The Opioid Epidemic So Far

When Oxycontin was introduced to physicians across the country, it was almost too hard to believe — and for good reason. Purdue Pharma, the company behind the drug, promoted Oxycontin as the world’s first “non-addictive” opioid that could be used for severe and moderate pain. Physicians weren’t normally used to prescribing opioids for moderate pain, so it was a tough sell. Opioids were usually prescribed to help with pain after surgery or for patients with terminal illnesses, like cancer. 

With the release of Oxycontin, the label on the pill bottle read, “Delayed absorption, as provided by OxyContin tablets, is believed to reduce the abuse liability of a drug.” Essentially, the label claimed that because the drug released its effects over a 12-hour period, it had less of a potential to be abused by someone. Armed with their claim, Purdue Pharma enlisted sales representatives to visit physicians across the country, enticing them with kickbacks and false promises about addiction risks. 

As prescriptions for Oxycontin soared, so did its overdose rates. As early as 2003, the Food and Drug Administration (FDA) warned Purdue Pharma about their misleading advertising.1 The company continued to market the drug so aggressively that even federal prosecutors started to take notice. In 2007, the company was finally brought to court in a trial that focused on their shifty marketing tactics, revealing how its sales team convinced physicians to prescribe the drug by downplaying its addiction risks. For example, the main selling point of Oxycontin at the time was that it was “less than one percent addictive” than other opioids, but Purdue didn’t have many studies to back up its claims.2 Purdue Pharma plead guilty with an intent to defraud and mislead and agreed to pay over $634 million in fines.3 

While the lawsuit was important in putting spotlight on Purdue Pharma, the crisis that began with Oxycontin soon turned into an epidemic that cost the lives of hundreds of thousands in the United States alone. Even after the guilty verdict, prescriptions for opioids continued to rise at an alarming rate, and overdoses for heroin began to peak around 2011. Fentanyl, a fully synthetic opioid that is more powerful than morphine, surpassed heroin overdoses in 2016.4 While fentanyl can be prescribed by a doctor and is not illegal (unlike heroin), its strong potency can easily lead to abuse. It’s been commonly laced with street/black market drugs, causing fatal overdoses in people who take the drugs unknowingly.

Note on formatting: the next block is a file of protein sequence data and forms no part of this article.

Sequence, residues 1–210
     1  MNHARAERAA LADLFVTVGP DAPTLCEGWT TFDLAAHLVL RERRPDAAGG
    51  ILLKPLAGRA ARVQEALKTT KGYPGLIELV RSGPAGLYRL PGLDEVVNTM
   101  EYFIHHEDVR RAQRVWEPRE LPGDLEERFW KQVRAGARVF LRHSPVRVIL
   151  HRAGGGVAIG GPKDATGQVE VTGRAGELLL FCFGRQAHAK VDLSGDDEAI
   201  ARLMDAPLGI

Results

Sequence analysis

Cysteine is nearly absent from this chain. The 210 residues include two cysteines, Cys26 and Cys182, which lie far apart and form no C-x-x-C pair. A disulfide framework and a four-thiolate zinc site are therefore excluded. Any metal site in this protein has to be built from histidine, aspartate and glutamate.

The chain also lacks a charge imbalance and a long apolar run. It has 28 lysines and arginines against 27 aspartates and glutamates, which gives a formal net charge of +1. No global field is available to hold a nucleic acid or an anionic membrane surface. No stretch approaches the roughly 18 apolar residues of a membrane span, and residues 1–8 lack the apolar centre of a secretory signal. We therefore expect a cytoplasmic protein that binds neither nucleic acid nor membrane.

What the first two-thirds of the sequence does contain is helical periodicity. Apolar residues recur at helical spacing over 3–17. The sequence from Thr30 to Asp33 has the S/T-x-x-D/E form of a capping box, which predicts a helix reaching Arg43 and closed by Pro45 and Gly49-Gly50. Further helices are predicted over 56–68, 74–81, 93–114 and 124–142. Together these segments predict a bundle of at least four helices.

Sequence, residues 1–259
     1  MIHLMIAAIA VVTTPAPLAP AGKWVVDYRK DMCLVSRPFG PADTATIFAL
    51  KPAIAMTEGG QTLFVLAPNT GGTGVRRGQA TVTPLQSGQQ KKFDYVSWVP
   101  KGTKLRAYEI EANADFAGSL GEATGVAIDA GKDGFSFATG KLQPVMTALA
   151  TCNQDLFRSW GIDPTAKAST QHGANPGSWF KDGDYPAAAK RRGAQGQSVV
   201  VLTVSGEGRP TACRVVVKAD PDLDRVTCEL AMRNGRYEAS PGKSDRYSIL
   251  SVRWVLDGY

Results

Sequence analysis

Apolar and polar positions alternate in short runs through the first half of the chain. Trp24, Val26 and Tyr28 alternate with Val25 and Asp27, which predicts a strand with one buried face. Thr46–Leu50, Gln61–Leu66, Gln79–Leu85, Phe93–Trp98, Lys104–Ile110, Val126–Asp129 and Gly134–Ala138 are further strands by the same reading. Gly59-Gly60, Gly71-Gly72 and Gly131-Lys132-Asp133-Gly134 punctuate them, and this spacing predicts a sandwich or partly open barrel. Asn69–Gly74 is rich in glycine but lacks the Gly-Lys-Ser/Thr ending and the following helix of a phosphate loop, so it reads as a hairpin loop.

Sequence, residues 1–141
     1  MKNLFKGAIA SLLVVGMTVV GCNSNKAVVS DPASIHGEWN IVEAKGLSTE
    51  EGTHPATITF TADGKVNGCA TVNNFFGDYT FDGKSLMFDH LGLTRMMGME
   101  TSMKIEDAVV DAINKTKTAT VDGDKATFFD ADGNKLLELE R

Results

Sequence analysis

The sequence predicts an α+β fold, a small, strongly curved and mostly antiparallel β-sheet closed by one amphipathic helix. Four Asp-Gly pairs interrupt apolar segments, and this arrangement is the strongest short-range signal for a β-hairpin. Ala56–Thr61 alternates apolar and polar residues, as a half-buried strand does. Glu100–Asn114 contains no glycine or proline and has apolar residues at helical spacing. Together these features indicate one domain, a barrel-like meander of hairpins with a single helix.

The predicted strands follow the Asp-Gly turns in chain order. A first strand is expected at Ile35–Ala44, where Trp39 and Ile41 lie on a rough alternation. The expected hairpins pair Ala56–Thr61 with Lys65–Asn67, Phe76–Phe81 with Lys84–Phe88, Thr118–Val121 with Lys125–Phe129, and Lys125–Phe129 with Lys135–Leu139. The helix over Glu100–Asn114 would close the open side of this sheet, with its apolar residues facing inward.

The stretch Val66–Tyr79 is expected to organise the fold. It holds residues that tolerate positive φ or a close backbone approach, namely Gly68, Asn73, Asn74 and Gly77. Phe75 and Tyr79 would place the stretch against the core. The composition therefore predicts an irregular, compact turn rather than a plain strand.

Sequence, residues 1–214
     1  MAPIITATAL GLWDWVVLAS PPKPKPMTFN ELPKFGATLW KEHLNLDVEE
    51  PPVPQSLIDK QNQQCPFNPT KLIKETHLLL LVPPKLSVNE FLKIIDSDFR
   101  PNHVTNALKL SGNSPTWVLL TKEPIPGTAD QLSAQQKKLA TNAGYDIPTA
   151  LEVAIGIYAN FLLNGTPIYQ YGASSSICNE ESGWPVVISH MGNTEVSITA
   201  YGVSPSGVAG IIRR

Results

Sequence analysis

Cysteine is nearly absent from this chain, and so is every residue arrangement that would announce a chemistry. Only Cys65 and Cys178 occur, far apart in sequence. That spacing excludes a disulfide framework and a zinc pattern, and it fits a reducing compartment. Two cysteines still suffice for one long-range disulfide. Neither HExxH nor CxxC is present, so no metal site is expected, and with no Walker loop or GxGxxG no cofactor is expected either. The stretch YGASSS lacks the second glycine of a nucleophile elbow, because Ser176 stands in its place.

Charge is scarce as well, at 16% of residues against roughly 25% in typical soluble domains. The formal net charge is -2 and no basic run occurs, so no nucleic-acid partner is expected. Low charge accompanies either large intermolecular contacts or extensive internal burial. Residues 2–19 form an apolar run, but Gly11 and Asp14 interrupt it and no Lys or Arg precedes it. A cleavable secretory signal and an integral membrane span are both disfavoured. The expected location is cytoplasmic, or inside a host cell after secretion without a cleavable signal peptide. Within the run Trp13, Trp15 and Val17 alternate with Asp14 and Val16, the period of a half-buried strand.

By the time that it was acknowledged as a public health emergency in 2017, over 140 Americans were dying of an opioid overdose every day.5 Purdue Pharma finally took responsibility for the opioid epidemic in 2020 after filing for bankruptcy a year prior. They plead guilty to three felonies and agreed to a settlement where they would have to pay over $8 billion in fines. Among the charges, Purdue Pharma admitted to violating an anti-kickback agreement from 2009 to at least 2017, paying doctors to write prescriptions for their opioid products. The company also admitted to impeding the efforts to combat the opioid epidemic by knowingly marketing their drugs to healthcare providers that sold their drugs on the black market.6

In 2020, during the COVID-19 pandemic, over 48,006 people overdosed on opioids.7 It is too early to say if the pandemic has led to an increase in overdoses, but closing of resources and social distancing measures likely impacted treatment access by limiting face-to-face visits for many individuals. Steps taken to counter these challenges have positively changed how individuals receive addiction treatment. Methadone, for instance, used to only be administered through federally-certified opioid treatment programs and often required frequent in-person visits. Because stay-at-home ordinances disrupted treatment for many individuals, the rules for methadone have relaxed during the pandemic: individuals are now free to take home their dose of methadone unsupervised, freeing them from constant visits to a treatment facility.8 Easing such restrictions allows greater access to these life-saving medications that can stop the death tolls associated with the opioid epidemic.

1 Timeline of Selected FDA Activities and Significant Events Addressing Opioid Misuse and Abuse | FDA
2 The Promotion and Marketing of OxyContin: Commercial Triumph, Public Health Tragedy
3 OxyContin Addiction Case Yields Millions in Fines : NPR 
4 Drug Overdose Death Statistics [2021]: Opioids, Fentanyl & More
5 Trump Administration Declares Opioid Crisis A Public Health Emergency : NPR 
6 Justice Department Announces Global Resolution of Criminal and Civil Investigations with Opioid Manufacturer Purdue Pharma and Civil Settlement with Members of the Sackler Family | OPA | Department of Justice 
7 Opioid Crisis Statistics [2021]: Prescription Opioid Abuse
8 The Opioid Epidemic During the COVID-19 Pandemic | Addiction Medicine